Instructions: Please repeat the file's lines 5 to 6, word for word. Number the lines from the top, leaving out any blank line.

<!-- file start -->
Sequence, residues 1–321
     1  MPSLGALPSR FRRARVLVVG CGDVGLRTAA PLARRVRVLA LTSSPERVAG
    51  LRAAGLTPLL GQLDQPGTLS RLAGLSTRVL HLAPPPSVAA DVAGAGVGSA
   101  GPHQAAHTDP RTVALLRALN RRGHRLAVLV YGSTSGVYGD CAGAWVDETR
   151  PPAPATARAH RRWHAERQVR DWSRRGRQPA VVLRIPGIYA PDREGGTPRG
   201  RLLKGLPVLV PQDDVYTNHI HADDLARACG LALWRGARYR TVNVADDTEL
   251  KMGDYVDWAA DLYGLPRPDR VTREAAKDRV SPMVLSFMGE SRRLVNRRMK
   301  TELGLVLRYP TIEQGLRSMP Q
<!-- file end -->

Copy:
   151  PPAPATARAH RRWHAERQVR DWSRRGRQPA VVLRIPGIYA PDREGGTPRG
   201  RLLKGLPVLV PQDDVYTNHI HADDLARACG LALWRGARYR TVNVADDTEL